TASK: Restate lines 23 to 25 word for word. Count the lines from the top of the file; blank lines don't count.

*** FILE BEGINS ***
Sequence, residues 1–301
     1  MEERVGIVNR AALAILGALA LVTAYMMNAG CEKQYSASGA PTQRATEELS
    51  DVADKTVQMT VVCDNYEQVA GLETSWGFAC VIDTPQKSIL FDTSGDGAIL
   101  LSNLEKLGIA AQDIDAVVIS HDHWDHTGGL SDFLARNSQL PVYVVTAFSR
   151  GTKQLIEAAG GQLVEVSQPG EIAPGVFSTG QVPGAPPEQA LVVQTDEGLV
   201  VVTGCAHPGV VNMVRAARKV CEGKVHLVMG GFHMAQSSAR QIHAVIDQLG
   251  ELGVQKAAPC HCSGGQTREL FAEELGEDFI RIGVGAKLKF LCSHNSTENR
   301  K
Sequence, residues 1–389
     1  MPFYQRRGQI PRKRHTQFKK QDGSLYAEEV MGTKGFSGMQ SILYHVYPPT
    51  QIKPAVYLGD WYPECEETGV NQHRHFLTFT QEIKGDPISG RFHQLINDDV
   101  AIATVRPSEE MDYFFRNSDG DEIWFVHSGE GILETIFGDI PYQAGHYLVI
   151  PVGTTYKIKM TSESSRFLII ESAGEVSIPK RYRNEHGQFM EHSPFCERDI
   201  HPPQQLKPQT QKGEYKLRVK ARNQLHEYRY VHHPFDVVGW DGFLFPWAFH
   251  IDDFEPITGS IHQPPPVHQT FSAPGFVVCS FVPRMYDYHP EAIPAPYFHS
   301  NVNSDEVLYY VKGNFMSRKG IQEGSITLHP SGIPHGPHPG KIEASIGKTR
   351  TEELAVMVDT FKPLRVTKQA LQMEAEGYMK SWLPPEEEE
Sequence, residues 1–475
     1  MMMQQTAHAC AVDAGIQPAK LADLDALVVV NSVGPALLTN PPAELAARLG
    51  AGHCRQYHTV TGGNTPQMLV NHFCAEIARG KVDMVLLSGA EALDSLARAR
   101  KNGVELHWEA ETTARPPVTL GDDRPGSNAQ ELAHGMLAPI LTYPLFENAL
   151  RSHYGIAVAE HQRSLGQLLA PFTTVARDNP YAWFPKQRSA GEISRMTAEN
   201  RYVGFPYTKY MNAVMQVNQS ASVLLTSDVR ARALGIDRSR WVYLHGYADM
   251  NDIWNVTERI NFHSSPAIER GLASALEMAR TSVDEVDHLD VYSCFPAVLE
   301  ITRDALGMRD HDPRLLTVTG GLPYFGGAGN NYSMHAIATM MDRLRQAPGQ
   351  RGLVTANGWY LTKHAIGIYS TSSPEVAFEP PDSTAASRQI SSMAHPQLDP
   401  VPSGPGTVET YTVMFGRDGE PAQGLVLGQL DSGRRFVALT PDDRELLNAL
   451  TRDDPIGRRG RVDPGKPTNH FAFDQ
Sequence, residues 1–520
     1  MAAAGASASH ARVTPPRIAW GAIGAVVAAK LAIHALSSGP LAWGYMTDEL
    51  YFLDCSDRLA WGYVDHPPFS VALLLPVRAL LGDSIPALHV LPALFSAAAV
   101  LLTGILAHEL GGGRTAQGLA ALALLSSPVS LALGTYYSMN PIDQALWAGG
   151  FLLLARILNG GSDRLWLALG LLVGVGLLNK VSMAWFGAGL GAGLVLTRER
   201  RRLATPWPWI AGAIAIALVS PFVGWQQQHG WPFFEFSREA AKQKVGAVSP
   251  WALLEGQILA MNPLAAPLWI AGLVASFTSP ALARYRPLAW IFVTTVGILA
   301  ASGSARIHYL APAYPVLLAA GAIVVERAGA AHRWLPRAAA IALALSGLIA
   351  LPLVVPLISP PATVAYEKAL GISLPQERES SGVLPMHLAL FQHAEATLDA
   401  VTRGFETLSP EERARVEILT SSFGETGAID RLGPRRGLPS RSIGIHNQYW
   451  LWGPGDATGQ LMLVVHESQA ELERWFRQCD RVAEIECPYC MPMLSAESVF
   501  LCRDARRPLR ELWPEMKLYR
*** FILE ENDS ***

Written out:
   201  RYVGFPYTKY MNAVMQVNQS ASVLLTSDVR ARALGIDRSR WVYLHGYADM
   251  NDIWNVTERI NFHSSPAIER GLASALEMAR TSVDEVDHLD VYSCFPAVLE
   301  ITRDALGMRD HDPRLLTVTG GLPYFGGAGN NYSMHAIATM MDRLRQAPGQ